Learn About Jaundice

What is the definition of Jaundice?

Jaundice is a yellow color of the skin, mucus membranes, or eyes. The yellow coloring comes from bilirubin, a byproduct of old red blood cells. Jaundice can be a symptom of several health problems.

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What are the alternative names for Jaundice?

Conditions associated with jaundice; Yellow skin and eyes; Skin - yellow; Icterus; Eyes - yellow; Yellow jaundice

What are the causes of Jaundice?

A small number of red blood cells in your body die each day, and are replaced by new ones. The liver removes the old blood cells. This creates bilirubin. The liver helps break down bilirubin so that it can be removed by the body through the stool.

Jaundice can occur when too much bilirubin builds up in the body.

Jaundice can occur if:

  • Too many red blood cells are dying or breaking down and going to the liver.
  • The liver is overloaded or damaged.
  • The bilirubin from the liver is unable to properly move into the digestive tract.

Jaundice is often a sign of a problem with the liver, gallbladder, or pancreas. Things that can cause jaundice include:

  • Infections, most commonly viral
  • Use of certain drugs
  • Cancer of the liver, bile ducts or pancreas
  • Blood disorders, gallstones, birth defects and a number of other medical conditions
What are the symptoms of Jaundice?

Jaundice may appear suddenly or develop slowly over time. Symptoms of jaundice commonly include:

  • Yellow skin and the white part of the eyes (sclera) -- when jaundice is more severe, these areas may look brown
  • Yellow color inside the mouth
  • Dark or brown-colored urine
  • Pale or clay-colored stools
  • Itching (pruritis) usually occurs with jaundice

Note: If your skin is yellow and the whites of your eyes are not yellow, you may not have jaundice. Your skin can turn a yellow-to-orange color if you eat a lot of beta carotene, the orange pigment in carrots.

Other symptoms depend on the disorder causing the jaundice:

  • Cancers may produce no symptoms, or there may be fatigue, weight loss, or other symptoms.
  • Hepatitis may produce nausea, vomiting, fatigue, or other symptoms.
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What are the current treatments for Jaundice?

Treatment depends on the cause of the jaundice.

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When should I contact a medical professional for Jaundice?

Contact your provider if you develop jaundice.

Jaundiced infant
Cirrhosis of the liver
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What are the latest Jaundice Clinical Trials?
Bile Duct Drainage After ERCP Failure: EUS-guided Biliary Versus Percutaneous Transhepatic Drainage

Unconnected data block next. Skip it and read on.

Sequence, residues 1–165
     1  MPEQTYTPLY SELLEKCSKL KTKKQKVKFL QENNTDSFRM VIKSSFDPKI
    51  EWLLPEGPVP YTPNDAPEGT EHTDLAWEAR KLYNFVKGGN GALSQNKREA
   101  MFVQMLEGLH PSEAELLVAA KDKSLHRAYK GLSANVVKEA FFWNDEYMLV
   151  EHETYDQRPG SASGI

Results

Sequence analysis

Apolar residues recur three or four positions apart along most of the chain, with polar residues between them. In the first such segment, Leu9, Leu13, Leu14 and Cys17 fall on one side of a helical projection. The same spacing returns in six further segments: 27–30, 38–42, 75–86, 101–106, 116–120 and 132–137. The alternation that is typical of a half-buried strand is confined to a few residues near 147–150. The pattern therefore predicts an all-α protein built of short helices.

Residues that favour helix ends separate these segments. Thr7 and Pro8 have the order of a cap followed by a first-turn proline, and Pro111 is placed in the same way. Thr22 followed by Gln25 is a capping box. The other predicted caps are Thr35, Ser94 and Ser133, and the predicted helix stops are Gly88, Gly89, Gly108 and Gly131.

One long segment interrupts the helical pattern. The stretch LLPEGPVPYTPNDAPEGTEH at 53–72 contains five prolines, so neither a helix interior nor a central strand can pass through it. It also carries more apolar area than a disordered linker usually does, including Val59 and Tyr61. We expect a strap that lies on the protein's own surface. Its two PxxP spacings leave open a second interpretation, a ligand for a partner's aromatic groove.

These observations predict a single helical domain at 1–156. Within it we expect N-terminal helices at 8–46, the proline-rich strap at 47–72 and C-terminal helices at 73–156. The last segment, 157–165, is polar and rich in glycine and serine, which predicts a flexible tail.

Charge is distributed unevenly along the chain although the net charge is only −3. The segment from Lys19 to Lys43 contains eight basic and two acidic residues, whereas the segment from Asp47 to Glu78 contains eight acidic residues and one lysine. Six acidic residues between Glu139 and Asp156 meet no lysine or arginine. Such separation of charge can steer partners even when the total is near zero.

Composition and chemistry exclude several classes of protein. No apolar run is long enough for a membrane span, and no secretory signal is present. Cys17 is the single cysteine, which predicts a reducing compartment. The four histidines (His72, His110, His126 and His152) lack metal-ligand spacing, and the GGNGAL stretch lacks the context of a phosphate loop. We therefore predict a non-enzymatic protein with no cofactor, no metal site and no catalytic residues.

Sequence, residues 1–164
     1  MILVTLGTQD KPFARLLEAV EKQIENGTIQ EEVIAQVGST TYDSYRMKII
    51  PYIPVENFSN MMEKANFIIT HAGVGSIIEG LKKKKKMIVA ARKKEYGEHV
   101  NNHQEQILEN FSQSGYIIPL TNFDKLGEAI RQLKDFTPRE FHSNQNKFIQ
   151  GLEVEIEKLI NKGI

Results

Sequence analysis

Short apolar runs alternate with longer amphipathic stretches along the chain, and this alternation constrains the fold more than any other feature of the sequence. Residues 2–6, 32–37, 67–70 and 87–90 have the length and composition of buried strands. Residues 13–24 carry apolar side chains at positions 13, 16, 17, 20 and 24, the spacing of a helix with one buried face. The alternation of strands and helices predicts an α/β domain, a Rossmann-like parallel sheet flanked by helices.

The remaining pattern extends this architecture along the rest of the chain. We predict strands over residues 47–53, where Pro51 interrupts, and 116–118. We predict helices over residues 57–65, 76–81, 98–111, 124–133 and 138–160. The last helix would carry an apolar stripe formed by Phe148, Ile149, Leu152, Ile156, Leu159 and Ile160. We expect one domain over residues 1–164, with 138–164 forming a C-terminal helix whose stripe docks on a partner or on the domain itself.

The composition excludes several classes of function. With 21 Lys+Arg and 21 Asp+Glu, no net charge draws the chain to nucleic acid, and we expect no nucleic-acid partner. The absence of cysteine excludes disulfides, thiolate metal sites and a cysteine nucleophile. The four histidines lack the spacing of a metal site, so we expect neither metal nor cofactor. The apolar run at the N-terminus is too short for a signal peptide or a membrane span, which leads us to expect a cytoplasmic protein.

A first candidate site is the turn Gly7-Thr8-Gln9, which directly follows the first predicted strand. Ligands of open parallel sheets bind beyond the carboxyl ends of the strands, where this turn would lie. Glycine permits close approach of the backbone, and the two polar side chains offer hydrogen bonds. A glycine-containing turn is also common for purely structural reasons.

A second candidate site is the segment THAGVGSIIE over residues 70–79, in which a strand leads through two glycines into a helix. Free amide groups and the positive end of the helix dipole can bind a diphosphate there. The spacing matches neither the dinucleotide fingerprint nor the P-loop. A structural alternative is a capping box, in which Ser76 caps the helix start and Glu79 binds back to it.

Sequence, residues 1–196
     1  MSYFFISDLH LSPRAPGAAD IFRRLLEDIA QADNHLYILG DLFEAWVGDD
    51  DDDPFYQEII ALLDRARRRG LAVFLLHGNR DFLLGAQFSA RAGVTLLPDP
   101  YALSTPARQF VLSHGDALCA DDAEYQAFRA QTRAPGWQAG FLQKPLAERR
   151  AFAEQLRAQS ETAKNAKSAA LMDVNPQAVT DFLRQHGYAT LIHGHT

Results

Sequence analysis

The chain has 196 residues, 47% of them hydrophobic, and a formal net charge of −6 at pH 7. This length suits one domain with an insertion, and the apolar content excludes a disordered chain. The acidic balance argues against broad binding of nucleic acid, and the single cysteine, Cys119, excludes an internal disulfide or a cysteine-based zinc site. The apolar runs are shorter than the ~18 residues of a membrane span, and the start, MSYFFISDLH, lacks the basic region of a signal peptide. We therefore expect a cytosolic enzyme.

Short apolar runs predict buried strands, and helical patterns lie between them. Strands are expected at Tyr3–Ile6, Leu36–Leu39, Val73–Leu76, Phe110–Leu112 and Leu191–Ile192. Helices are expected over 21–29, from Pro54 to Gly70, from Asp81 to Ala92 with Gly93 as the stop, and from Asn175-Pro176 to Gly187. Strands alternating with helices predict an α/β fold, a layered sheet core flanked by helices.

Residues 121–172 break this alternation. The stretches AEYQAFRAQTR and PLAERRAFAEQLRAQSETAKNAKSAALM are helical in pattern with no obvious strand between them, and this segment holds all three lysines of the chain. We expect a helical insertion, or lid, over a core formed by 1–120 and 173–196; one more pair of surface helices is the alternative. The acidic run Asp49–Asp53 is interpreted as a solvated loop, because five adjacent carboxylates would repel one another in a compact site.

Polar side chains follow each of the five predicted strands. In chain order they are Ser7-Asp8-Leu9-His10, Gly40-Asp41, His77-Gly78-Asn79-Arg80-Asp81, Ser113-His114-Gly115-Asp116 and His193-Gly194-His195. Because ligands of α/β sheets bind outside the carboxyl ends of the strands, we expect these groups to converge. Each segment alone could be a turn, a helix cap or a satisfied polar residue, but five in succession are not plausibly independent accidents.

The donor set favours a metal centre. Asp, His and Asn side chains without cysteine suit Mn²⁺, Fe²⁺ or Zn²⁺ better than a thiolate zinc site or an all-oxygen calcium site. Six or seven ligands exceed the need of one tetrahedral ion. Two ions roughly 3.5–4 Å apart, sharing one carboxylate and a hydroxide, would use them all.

Summary: The vast majority of patients with distal biliary, pancreatic head or uncinate process cancer have jaundice caused by distal malignant obstruction (DMO) of the common bile duct. Biliary drainage by Endoscopic Retrograde Cholangiopancreatography (ERCP) with trans-papillary stent placement is the treatment of choice. ERCP has a failure rate ranging from 12 - 25 percent. Percutaneous transhepatic bil...

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URICA-II; a Longitudinal Study to Analyse the Correlation Between Urinary Carbonic Anhydrase (CAI), a Marker of Haemolysis, and Bilirubin

Summary: In newborns, intravascular hemolysis (the breakdown of red blood cells inside the blood vessels) can range from mild, as part of the physiological (normal) turnover of red blood cells, to severe in cases such as jaundice (an increase in bilirubin levels) Early biomarkers of haemolysis would improve neonatology (newborn) practice by identifying at-risk patients, particularly if the assay is simple,...

What are the Latest Advances for Jaundice?
Oral cholangioscopy for biliary system diseases.
Severe refractory warm autoimmune haemolytic anaemia after the SARS-CoV-2 Pfizer-BioNTech vaccine (BNT162b2 mRNA) managed with emergency splenectomy and complement inhibition with eculizumab.
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Non-syndromic bile duct paucity and non-IgE cow's milk allergy: a case report of challenging nutritional management and maltodextrin intolerance.
Who are the sources who wrote this article ?

Published Date: April 19, 2021
Published By: Michael M. Phillips, MD, Emeritus Professor of Medicine, The George Washington University School of Medicine, Washington, DC. Also reviewed by David Zieve, MD, MHA, Medical Director, Brenda Conaway, Editorial Director, and the A.D.A.M. Editorial team.

What are the references for this article ?

Fargo MV, Grogan SP, Saquil A. Evaluation of jaundice in adults. Am Fam Physician. 2017;95(3):164-168. PMID: 28145671 pubmed.ncbi.nlm.nih.gov/28145671/.

Korenblat KM, Berk PD. Approach to the patient with jaundice or abnormal liver tests. In: Goldman L, Schafer AI, eds. Goldman-Cecil Medicine. 26th ed. Philadelphia, PA: Elsevier; 2020:chap 138.

Lidofsky SD. Jaundice. In: Feldman M, Friedman LS, Brandt LJ, eds. Sleisenger and Fordtran's Gastrointestinal and Liver Disease: Pathophysiology/Diagnosis/Management. 11th ed. Philadelphia, PA: Elsevier; 2021:chap 21.

Taylor TA, Wheatley MA. Jaundice. In: Walls RM, Hockberger RS, Gausche-Hill M, eds. Rosen's Emergency Medicine: Concepts and Clinical Practice. 9th ed. Philadelphia, PA: Elsevier; 2018:chap 25.